1708 Gallery 319 W. Broad. Street
Also in its last two weeks up, Chicago-based Bethany Collins’ solo show, Of a piece, is another non-to-miss exhibit. Through translation and transposition, drawing and installation, Collins explores the multiplicities and contradictions in language as a lens for considering racial identity. As Holland Cotter noted writing in The New York Times, “language itself, viewed as intrinsically racialized, is Bethany Collins’ primary material.” Collins’ works have been exhibited in solo and group exhibitions nationwide, including the Studio Museum in Harlem, the Drawing Center, the Wexner Center for the Arts, among others. In 2015, she was awarded the Hudgens Prize.
The show features two of Collins’ comprehensive works, Between Green and Violet and America: A Hymnal. Between Green and Violet is a twenty-nine part work of all the definitions of “blue” from a 1950’s dictionary – teasing out the limitations that language might have on one’s understanding of a meaning or concept, here, a color. America: A Hymnal is made up of 100 versions of My Country ‘Tis of Thee from the 18th-20th c. In its many lyrical variations, America: A Hymnal is a chronological retelling of American history, politics and culture through one song. Each re-writing supports a passionately held cause—from temperance and suffrage to abolition and even the Confederacy—articulates a version of what it means to be American.
Quirk Gallery 207 W. Broad Street
Last but not least, Aimee Joyaux’s (Petersburg) colorful oil stick and pastel arrangements are showing at Quirk Gallery until October 15th. As she states, “My work is grounded in a visceral response to current events, be they personal, political, cultural, or imagined. Bright colors and graphic shapes crash into the picture plane. Half glasses of water, the shells of building, and shape-shifting folds are drawn to characterize a sense of displacement, a reactionary free fall in a tumultuous time.”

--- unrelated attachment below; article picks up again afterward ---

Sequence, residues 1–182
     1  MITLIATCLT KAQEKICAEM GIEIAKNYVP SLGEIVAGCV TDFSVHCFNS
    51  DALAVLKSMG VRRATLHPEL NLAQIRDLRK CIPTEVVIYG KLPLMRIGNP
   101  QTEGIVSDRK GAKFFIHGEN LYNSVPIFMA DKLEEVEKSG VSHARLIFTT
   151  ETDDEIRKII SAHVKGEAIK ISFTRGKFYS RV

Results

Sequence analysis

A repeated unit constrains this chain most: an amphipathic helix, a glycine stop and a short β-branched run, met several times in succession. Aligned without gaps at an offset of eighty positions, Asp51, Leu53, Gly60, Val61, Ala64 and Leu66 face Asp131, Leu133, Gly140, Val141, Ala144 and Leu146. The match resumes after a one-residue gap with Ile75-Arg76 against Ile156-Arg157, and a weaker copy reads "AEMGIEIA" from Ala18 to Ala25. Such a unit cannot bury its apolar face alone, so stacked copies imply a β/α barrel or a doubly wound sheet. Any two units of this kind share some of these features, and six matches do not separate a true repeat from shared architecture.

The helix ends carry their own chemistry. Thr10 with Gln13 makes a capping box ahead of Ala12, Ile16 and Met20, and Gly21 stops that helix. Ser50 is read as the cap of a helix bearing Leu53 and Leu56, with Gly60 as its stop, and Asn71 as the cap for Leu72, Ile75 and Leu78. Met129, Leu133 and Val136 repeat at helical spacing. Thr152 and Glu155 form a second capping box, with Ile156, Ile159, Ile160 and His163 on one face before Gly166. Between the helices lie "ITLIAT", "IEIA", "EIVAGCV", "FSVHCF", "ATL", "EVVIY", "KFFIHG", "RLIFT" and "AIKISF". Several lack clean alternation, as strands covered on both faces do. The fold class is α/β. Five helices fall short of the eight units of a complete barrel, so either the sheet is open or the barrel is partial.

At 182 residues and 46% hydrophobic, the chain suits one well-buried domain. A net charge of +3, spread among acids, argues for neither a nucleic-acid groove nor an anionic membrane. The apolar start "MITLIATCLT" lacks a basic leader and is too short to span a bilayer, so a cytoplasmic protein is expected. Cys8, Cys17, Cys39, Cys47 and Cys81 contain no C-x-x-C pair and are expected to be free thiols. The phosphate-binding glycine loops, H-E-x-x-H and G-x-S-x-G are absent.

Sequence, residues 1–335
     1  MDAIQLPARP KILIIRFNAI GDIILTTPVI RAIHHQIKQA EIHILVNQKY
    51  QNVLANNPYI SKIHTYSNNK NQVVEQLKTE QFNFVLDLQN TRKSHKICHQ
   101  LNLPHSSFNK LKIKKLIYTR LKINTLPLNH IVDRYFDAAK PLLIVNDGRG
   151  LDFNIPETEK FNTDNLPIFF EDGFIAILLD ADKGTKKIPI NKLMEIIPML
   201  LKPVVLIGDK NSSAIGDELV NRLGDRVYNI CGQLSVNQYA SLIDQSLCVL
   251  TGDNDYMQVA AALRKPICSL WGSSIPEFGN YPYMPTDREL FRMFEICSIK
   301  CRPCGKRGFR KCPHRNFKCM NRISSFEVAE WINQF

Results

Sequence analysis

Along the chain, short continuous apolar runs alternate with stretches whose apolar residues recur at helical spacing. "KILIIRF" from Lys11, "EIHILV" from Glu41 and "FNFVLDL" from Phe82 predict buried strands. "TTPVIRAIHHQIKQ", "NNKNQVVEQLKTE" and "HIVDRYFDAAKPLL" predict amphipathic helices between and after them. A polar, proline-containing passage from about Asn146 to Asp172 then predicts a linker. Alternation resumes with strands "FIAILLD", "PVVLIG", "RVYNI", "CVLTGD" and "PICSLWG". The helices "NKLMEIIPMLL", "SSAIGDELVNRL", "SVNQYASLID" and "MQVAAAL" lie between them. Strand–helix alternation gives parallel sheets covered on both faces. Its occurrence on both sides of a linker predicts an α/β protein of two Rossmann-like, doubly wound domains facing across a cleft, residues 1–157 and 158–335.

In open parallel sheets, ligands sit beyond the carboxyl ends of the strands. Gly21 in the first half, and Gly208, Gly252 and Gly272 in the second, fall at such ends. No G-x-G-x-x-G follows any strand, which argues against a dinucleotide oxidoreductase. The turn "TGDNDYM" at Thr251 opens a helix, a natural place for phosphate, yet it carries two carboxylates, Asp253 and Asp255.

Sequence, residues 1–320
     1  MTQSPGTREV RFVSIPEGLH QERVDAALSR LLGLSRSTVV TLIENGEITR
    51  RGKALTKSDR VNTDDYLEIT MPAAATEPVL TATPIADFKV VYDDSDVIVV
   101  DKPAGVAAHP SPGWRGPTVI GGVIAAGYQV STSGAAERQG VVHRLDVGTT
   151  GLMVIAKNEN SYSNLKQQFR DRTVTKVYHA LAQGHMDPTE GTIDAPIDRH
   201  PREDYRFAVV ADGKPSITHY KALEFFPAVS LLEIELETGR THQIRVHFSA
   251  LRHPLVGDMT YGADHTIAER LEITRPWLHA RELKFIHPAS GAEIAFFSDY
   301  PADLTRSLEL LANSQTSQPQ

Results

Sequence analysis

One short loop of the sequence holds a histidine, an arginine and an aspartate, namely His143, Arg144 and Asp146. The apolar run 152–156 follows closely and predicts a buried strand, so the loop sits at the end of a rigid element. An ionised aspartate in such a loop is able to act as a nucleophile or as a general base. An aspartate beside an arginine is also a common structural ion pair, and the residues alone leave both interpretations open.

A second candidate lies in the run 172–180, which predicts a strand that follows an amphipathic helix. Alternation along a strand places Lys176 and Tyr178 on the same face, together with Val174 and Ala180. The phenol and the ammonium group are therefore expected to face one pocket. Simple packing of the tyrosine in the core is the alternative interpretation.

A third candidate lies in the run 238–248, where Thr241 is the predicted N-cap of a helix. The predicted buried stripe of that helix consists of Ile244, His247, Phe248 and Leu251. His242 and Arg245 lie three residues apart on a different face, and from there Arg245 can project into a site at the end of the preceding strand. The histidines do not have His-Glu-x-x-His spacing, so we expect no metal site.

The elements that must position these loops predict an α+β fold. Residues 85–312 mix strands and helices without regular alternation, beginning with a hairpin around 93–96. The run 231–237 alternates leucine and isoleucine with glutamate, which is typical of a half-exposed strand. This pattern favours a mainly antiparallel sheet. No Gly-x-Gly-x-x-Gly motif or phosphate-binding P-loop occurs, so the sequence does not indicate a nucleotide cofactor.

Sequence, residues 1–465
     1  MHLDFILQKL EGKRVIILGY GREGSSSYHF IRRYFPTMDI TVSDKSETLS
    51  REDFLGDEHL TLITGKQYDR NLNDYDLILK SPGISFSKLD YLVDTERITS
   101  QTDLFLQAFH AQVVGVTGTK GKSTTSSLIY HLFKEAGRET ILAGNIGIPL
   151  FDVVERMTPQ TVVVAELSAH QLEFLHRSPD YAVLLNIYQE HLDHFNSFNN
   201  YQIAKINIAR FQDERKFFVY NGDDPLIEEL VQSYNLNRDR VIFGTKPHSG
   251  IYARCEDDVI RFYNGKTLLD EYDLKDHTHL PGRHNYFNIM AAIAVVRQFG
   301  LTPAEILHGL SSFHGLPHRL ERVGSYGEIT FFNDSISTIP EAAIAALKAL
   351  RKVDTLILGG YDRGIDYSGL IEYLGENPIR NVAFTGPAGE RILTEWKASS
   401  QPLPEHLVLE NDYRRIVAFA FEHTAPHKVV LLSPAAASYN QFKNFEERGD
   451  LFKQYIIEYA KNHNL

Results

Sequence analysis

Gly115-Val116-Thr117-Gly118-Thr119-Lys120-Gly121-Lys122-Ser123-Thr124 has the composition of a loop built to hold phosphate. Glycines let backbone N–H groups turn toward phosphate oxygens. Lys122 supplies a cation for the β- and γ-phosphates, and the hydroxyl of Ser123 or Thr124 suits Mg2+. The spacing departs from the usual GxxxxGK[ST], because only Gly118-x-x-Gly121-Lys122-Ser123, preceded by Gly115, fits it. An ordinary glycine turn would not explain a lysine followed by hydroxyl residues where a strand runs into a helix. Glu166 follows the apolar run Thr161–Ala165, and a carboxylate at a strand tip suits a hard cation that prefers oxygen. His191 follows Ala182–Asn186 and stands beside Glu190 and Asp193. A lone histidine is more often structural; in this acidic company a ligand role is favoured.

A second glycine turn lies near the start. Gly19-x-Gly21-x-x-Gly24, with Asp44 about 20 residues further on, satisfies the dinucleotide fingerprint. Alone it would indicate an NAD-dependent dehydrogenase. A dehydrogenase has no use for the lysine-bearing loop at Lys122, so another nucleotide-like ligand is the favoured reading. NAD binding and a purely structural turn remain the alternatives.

Joyaux currently works as the Associate Dean of Instructional Resources at Richard Bland College of William & Mary. Her past exhibitions include The National Museum of Women in the Arts, the Center for Book and Paper at Columbia College, the Art Institute of Chicago, among others. Examples of Aimee’s work are held in the collections of the Museum of Fine Arts Houston, the Center for Book and Paper at Columbia College, Indiana University East, Penland School of Crafts, and locally at Dominion, Capital One, Try-Me Gallery, and Candela Gallery.
Featured Images: Seismic, One Tone Prop, Supply Side (Economics)
Art 180 114 W. Marshall Street
Art 180’s newest exhibit and virtual reality experience, “My Reality” uses art and technology to tell the stories and desires of incarcerated youth. Created by teens affected by the juvenile justice system, the exhibit will showcase how communities can come together to improve the juvenile justice system.
“My Reality” was created in partnership with RISE for Youth (a bipartisan coalition a part of Legal Aid Justice Center), Scenic (a virtual reality content studio based in New York City), and artists Kate Deciccio, Roscoe Burnems, Catherine Komp and Mark Strandquist.
Gallerys 200 W. Marshall Street
Party Liberation Front and Gallery5 will kickoff their 11th Annual Carnival of 5 Fires event this Friday. A month long celebration that will conclude Halloween night with All the Saint Theater Company’s 12th Annual Richmond Halloween Parade, expect all the usual theatrics including fire performances, circus arts, bellydance, burlesque shows, vaudeville, DJs, live music, giant puppets, experimental performance art, creepy silent films scored by musicians, visual artshows and more.
This Friday’s free event at Gallery5 will feature Burlesque/Variety Hour hosted by Deanna Danger, special Performances by duo Paolo Garbanzo, juggler, fire-eater, knife-thrower and comedian and Madame Onca, career bellydancer, live music by Georgie Isaacs and The Judy Chops, a small market with The Clockworks Collective, Deanna Danger Productions, Molly Chopin- Artist-body/face painting, The Art of Nicole Pisaniello and RVA Krampusnacht. Upstairs with feature an all-female artist showcase curated by Lady Octavia, and tarot readings and outside PLF will have the the block party going with their Pyro Circus Street Show featuring fire performance, DJs, projection, fire sculptures, circus arts, and more. Full Details here.
*Cover photo by Janpim Wolf Photography